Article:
Between 1978 and 1984, the operation targeted some 50 anti-Communist dissidents who had signed the "Charter 77" human rights declaration, in an attempt to force them to leave Czechoslovakia. The secret police put extreme pressure on the signatories, threatened and intimidated them, repeatedly interrogating them and frequently using physical violence.
Those who fled under the pressure included the writer Karol Sidon, who became the country's chief rabbi after 1989, and musicians Jaroslav Hutka, Vlastimil Tresnak and Vratislav Brabenec - saxophonist for the famous Plastic People of the Universe. Writer Pavel Kohout and actor Pavel Landovsky, among others, were stripped of their citizenship and not allowed back into the country after foreign trips. The Czech President Vaclav Havel was also on the list but stayed in the country and was later imprisoned. Political commentator Petruska Sustrova is herself a former dissident.
"Those people arrived in a whole different environment, where they often didn't know the language and quite certainly they didn't know the culture and customs of the country and they had no friend or attachments there. The dissident community here in Czechoslovakia was really very close to one another, because the outer pressure forced people together and it was extremely difficult to leave the country."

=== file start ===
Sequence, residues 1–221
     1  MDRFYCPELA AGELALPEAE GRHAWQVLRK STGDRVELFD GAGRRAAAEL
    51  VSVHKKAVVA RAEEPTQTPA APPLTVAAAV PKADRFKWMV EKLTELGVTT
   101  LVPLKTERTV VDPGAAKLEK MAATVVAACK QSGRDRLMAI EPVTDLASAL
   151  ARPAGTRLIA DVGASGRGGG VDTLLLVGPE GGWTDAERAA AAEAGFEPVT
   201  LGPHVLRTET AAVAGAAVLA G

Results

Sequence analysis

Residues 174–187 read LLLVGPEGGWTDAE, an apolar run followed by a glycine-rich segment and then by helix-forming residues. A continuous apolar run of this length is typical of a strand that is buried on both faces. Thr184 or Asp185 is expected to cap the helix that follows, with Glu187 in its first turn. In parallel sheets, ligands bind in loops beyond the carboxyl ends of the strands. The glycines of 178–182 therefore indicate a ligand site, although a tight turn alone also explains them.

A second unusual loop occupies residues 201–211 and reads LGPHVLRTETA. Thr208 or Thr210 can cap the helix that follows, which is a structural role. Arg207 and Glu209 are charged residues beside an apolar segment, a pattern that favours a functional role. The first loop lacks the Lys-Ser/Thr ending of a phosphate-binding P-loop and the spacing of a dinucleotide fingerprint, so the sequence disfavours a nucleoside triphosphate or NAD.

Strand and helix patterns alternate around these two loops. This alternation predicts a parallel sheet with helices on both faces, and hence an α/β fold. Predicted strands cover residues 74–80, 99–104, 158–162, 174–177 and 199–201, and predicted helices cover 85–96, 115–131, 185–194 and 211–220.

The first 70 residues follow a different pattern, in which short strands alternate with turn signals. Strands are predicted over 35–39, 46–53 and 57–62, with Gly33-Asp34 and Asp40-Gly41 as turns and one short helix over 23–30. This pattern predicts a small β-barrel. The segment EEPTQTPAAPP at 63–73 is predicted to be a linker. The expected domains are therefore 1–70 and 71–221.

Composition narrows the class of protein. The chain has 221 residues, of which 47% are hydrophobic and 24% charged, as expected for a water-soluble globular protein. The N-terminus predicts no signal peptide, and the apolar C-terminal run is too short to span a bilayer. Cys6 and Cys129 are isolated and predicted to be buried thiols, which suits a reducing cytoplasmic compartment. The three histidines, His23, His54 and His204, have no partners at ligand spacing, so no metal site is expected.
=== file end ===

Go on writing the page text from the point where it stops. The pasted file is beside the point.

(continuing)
The officials - who maintain their innocence - could face up to ten years in prison if found guilty, and police are preparing suits against 13 other former officials. Several low-ranking secret service agents have already been convicted and given suspended sentences for beating up dissidents and using other violent methods to force people out of the country. The Czech authorities have been slow to prosecute crimes committed during the Communist regime. Former dissidents will welcome Monday's trial, but many say it's too little, too late.
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